Moreover, the technological revolution that has jettisoned many blue and, as well, white and pink collar jobs is not ending. The animal spirit Trump promises to release by cutting regulations and taxes is not likely to be gentle to American workers. “America First” trade policies to force more domestic production is likely to lead most firms to replace labour with more capital intensive systems to maintain global competitiveness. The political divide between the densest economic centres and the rest of the country is unlikely to narrow.

The 2016 election suggests the crystallization of longer terms trends toward the emergence of ideologically homogenous communities with specific economic characteristics that disconnect from communities with different physical, economic and social profiles. (I suspect that these patterns would be even clearer if we looked at state politics.)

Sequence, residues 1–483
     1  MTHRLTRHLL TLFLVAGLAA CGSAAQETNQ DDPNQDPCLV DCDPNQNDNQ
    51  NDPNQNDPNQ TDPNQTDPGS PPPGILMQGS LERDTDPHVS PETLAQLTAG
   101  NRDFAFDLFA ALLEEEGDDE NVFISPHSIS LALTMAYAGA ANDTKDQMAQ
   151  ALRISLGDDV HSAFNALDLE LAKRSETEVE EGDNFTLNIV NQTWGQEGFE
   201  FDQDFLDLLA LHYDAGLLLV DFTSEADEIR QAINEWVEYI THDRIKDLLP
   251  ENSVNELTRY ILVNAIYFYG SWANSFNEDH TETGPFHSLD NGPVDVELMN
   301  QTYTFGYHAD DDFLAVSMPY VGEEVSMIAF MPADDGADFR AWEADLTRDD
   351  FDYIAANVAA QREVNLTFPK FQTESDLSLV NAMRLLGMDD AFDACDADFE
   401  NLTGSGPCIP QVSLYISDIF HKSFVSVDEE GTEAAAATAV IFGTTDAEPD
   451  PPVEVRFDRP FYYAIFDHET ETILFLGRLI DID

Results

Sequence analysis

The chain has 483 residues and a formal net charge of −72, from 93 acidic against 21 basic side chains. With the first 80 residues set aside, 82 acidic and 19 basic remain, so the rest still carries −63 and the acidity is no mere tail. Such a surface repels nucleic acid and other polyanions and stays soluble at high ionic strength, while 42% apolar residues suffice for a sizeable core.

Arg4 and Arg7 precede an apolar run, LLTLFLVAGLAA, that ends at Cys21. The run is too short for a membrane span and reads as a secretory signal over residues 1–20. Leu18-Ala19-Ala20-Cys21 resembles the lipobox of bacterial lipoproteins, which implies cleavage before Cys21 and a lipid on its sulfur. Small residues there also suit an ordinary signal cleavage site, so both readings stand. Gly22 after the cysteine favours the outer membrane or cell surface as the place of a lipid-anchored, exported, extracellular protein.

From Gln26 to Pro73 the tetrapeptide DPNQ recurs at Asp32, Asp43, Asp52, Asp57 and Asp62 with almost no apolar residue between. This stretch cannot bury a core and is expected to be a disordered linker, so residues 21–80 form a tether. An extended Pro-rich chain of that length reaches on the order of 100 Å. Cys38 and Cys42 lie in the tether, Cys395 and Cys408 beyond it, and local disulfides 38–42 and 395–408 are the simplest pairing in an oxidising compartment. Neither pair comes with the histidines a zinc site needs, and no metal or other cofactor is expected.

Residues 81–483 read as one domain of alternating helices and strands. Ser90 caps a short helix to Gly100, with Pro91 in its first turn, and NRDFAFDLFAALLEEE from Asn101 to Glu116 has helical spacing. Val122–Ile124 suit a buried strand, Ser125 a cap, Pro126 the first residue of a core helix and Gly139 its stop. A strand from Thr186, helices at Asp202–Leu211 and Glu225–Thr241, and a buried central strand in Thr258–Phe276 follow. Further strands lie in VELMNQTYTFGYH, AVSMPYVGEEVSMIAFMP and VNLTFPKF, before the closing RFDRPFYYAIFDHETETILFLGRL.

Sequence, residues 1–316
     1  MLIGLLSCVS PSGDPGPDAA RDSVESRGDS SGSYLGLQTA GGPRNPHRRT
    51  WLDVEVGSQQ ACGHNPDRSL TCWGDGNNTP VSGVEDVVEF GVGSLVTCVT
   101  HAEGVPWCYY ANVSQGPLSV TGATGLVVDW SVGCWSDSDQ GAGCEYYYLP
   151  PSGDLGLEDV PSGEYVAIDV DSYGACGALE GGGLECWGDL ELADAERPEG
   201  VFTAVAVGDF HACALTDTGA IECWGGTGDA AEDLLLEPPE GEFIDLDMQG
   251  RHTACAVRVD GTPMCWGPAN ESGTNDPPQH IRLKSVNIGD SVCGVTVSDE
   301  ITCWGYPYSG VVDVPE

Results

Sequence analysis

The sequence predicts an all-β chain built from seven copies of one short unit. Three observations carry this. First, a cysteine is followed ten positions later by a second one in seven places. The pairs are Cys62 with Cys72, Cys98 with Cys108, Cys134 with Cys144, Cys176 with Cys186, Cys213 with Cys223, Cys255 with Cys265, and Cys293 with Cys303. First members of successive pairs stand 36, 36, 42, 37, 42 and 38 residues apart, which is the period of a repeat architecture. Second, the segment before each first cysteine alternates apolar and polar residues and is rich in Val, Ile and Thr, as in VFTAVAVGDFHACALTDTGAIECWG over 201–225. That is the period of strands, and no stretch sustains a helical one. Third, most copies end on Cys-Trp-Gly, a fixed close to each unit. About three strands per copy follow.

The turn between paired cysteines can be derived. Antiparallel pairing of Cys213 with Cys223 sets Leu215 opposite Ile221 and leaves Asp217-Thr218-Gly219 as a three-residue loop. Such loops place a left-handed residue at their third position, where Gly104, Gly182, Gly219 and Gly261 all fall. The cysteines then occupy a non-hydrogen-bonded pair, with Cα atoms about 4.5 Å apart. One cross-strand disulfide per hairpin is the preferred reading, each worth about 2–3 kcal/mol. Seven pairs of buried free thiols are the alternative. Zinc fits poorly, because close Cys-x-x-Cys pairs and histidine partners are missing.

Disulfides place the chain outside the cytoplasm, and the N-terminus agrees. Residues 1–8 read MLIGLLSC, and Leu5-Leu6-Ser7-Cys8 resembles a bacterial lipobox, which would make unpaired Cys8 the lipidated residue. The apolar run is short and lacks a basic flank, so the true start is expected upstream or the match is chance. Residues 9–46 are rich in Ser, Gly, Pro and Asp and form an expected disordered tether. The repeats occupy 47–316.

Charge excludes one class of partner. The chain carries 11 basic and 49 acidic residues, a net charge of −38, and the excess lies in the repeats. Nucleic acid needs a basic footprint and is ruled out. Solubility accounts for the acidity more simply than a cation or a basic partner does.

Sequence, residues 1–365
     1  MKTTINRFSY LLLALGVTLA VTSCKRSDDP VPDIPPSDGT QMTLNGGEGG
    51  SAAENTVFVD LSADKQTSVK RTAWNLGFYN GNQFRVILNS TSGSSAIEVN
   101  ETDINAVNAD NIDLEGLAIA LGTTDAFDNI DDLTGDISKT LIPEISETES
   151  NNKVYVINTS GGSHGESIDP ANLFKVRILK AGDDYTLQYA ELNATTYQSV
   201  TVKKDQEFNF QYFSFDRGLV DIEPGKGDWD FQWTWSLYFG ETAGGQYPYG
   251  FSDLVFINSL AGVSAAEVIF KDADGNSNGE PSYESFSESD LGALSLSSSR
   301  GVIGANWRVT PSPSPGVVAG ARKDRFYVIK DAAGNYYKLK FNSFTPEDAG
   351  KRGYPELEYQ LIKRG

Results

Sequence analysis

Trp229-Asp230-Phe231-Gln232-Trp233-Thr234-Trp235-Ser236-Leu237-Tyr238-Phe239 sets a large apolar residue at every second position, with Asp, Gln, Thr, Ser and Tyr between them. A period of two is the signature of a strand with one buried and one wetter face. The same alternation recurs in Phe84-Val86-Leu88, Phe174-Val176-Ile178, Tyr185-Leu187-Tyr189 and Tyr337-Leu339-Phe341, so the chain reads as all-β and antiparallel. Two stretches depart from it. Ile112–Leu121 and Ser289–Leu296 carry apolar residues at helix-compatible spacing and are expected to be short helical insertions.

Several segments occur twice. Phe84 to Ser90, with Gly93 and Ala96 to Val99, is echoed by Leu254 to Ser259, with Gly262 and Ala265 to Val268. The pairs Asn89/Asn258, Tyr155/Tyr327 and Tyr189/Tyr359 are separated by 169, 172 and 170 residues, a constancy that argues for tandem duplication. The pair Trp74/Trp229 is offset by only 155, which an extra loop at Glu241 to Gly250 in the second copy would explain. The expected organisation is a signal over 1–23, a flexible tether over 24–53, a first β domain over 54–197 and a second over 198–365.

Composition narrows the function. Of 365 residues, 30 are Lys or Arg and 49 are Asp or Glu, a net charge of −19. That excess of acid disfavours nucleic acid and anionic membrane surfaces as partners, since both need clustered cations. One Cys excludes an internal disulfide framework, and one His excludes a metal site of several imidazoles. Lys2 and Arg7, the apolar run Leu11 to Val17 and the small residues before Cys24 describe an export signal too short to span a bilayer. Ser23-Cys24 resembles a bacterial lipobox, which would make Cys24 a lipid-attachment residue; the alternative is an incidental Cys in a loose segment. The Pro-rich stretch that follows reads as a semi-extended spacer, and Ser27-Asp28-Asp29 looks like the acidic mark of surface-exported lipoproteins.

If this is the case, does it mean the creation of more rigid and indissoluble blocs in the U.S. political system? Certainly, the historical process of American political life in which large, inclusive political parties compete for centre voters and are able to absorb fringe groups under their umbrellas has been eroding. Is this the end of that process?

Democrats must call out Trump’s blunders and his misstatements. But this cannot be their entire project.

In his recent book, The Populist Explosion, John Judis observes, “In the United States, in contrast to Europe, these campaigns have burst forth suddenly and unexpectedly. Usually short-lived, nevertheless they have had an outsized impact… As a result of the two-party tilt toward the center.” But there are times, he continues, “when, in the face of dramatic changes in the society and economy or in America’s place in the world, voters have suddenly become responsive to politicians or movements that raise issues that major parties have either downplayed or ignored.”